Tuesday, February 10, 2015

Perfect Imperfections

I grew up used to being late to things, impromptu unplanned outings and vacations, long road trips in a full size van stuffed with entertainment for my hyperactive brother(s) (ie toothpicks, aluminium foil, glue, paper), living in a house full of noise and mess and chaos. When I grew older I became determined to reclaim my German roots and create some semblance of order in my life. This meant an obsession with being on time, writing things in my agenda, calculations, plans and excel spreadsheets for my budget and life decisions (however, I still couldn’t bother to keep much semblance of order in my personal space…). Given these compulsions it would seem unlikely that after my first visit to the African continent I would fall deeply in love with the red dirt, unorganized rhythm, sense of time, chaotic transport, and lack of plans. I stubbornly told my mother as a young child that I would not go to a developing country (horribly embarrassing to admit now) and just wanted to live in Germany. My stubbornness extended to wanting to learn German instead of the more practical language Spanish that I started with. Oops. Well go to Germany I did and now it’s northern and perhaps equally organized neighbour (I will stop with comparisons there…). I do love both Germany and Holland!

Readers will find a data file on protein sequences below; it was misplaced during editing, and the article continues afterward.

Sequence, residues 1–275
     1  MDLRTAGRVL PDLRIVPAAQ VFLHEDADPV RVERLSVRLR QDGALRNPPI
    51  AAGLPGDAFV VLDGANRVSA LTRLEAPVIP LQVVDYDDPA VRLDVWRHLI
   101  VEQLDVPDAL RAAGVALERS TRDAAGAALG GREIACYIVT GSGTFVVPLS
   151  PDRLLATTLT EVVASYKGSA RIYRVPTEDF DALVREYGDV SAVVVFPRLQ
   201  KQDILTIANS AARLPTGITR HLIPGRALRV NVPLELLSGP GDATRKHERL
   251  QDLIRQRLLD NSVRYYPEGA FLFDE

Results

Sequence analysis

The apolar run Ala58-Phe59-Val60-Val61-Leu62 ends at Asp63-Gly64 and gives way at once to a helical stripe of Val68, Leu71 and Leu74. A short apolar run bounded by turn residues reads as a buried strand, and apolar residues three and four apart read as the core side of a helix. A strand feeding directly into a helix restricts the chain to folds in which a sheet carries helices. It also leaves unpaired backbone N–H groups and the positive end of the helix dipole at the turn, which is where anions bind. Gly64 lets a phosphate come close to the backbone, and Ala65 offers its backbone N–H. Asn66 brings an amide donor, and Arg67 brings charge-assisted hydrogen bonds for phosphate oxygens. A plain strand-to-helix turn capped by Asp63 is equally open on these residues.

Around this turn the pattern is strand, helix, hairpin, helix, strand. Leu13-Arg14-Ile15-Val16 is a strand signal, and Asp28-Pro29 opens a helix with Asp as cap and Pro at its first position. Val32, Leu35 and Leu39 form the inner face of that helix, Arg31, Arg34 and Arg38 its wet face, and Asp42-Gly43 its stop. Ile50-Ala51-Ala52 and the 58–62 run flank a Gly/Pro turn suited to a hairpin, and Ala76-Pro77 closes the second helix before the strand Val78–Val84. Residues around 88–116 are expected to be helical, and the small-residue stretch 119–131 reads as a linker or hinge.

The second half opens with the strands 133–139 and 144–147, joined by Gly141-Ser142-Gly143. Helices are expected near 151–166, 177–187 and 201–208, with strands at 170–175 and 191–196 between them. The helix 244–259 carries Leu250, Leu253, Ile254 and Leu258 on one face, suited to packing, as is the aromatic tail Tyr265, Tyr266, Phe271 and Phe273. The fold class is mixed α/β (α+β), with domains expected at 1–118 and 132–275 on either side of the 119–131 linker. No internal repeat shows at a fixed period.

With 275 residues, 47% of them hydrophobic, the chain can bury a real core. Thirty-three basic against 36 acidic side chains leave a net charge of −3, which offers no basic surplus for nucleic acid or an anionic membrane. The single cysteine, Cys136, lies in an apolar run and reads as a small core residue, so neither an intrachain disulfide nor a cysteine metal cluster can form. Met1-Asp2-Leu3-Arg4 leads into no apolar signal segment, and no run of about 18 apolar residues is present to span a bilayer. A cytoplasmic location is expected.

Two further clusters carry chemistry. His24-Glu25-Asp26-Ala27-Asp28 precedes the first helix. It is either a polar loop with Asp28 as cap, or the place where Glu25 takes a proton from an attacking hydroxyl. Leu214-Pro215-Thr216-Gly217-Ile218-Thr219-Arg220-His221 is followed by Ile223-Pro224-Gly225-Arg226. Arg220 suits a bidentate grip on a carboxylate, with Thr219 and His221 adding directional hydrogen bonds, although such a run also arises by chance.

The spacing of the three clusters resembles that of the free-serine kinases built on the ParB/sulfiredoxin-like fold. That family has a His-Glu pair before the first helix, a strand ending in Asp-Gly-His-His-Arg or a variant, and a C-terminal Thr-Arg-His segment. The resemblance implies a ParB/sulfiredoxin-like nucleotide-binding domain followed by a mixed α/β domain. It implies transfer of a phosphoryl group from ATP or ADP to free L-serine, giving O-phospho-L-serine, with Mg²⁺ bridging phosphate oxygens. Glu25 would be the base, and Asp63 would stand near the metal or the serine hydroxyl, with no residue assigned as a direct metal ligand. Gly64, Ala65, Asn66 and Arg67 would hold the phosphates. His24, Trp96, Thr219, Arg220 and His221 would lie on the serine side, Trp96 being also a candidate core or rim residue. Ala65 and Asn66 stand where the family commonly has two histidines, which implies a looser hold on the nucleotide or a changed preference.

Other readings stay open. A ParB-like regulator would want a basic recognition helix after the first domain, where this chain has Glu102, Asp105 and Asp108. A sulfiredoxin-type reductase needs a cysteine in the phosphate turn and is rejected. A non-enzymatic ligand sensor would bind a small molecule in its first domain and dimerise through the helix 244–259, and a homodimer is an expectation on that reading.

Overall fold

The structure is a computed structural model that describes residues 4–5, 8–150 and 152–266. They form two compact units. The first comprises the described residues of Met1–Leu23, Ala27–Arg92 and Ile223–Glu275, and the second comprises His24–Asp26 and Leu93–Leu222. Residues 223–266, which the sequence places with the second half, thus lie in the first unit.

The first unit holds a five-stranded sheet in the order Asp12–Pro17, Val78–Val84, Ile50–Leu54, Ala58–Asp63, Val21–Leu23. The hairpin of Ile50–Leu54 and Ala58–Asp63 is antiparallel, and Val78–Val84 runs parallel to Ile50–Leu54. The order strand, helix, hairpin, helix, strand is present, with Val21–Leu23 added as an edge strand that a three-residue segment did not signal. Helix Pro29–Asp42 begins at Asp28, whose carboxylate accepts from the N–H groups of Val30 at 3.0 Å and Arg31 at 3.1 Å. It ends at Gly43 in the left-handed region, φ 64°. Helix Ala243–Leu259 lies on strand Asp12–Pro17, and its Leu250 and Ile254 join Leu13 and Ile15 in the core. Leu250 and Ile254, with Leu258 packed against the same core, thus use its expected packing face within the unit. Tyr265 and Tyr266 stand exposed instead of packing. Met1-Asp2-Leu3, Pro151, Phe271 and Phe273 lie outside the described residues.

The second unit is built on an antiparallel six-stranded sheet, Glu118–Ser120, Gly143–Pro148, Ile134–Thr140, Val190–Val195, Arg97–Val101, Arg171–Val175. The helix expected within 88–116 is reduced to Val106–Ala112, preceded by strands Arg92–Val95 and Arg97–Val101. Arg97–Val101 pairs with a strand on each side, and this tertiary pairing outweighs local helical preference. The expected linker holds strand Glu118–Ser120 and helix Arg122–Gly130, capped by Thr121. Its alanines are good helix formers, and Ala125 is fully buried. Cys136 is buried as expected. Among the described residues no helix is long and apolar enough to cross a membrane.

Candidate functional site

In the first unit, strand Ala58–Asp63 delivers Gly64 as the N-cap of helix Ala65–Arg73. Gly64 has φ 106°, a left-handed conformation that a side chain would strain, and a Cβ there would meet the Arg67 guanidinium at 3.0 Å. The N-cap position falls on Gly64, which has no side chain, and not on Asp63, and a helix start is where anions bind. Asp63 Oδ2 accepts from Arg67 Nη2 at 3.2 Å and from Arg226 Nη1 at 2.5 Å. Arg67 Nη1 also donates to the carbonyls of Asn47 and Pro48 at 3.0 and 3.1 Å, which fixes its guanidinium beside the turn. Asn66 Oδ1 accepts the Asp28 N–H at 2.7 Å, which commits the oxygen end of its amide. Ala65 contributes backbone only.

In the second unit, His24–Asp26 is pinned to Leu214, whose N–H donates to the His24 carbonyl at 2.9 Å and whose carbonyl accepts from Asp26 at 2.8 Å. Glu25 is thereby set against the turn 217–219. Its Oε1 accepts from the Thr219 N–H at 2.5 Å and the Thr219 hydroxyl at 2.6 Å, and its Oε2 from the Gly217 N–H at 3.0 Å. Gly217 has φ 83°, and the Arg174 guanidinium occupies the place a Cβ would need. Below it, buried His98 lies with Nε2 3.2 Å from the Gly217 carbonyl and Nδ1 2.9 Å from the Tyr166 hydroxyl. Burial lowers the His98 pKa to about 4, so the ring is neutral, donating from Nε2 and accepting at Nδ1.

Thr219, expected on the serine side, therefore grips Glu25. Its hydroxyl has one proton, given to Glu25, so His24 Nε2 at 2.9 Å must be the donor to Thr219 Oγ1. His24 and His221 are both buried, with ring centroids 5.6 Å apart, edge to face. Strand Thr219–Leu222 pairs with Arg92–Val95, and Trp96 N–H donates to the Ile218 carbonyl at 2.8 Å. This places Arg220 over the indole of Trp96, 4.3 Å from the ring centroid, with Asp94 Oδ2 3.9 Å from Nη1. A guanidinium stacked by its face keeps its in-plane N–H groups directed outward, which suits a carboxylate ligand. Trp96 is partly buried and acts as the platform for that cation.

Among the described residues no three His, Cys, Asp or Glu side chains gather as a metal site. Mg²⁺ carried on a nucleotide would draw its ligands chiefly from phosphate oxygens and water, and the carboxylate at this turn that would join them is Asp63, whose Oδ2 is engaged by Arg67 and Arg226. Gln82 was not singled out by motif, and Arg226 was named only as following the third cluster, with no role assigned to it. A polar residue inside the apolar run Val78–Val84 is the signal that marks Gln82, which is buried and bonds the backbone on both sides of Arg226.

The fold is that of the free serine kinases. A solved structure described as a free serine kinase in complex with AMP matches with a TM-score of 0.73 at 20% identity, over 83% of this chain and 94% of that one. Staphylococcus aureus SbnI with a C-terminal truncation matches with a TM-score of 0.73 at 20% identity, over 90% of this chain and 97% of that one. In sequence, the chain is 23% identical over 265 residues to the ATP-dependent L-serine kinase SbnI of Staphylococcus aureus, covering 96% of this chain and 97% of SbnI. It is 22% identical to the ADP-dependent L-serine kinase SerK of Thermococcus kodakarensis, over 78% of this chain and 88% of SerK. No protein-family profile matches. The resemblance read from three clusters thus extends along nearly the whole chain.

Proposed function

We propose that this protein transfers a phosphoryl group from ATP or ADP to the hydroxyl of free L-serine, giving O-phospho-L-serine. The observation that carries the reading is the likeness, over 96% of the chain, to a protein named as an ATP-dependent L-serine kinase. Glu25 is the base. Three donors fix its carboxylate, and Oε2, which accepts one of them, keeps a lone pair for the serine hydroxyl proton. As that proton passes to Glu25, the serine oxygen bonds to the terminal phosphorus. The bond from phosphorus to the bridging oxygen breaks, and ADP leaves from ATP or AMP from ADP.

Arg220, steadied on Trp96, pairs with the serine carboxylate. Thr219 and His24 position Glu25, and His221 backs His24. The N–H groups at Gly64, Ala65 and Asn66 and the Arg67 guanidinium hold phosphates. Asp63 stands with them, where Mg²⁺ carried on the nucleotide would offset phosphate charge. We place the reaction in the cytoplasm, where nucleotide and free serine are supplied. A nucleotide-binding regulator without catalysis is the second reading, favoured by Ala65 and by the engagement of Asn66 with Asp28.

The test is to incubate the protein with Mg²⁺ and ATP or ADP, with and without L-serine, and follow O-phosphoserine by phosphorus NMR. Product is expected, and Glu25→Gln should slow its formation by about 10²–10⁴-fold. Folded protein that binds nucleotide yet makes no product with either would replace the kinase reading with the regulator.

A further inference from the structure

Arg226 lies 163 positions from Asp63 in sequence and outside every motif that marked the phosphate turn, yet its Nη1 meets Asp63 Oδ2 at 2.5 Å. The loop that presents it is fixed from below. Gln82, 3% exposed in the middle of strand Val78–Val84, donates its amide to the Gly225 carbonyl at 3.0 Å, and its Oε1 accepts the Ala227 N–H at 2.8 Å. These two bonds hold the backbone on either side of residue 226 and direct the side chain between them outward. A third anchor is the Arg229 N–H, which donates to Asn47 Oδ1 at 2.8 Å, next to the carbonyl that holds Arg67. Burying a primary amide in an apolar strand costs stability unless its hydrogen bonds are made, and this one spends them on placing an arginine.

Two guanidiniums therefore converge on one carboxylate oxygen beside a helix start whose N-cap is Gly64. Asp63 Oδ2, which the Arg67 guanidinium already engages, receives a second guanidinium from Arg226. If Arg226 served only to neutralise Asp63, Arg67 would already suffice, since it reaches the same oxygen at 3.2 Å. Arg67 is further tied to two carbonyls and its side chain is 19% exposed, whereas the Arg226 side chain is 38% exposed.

I guess there are some aspects of childhood no matter how hard you try to reject them that just stick. Now I appreciate my family’s flexibility when it comes to trying new things, random and sudden adventures that are organized in the spur of the moment rather than months in advance, willingness to impulsively plan surprise parties for dear friends, and give of time and resources without the need to meticulously arrange every detail far in advance. Maybe it’s the fact that I was nearly born in Zimbabwe or my family’s still close ties to the continent but at nearly 27, I can’t seem to get “Africa” out of my blood.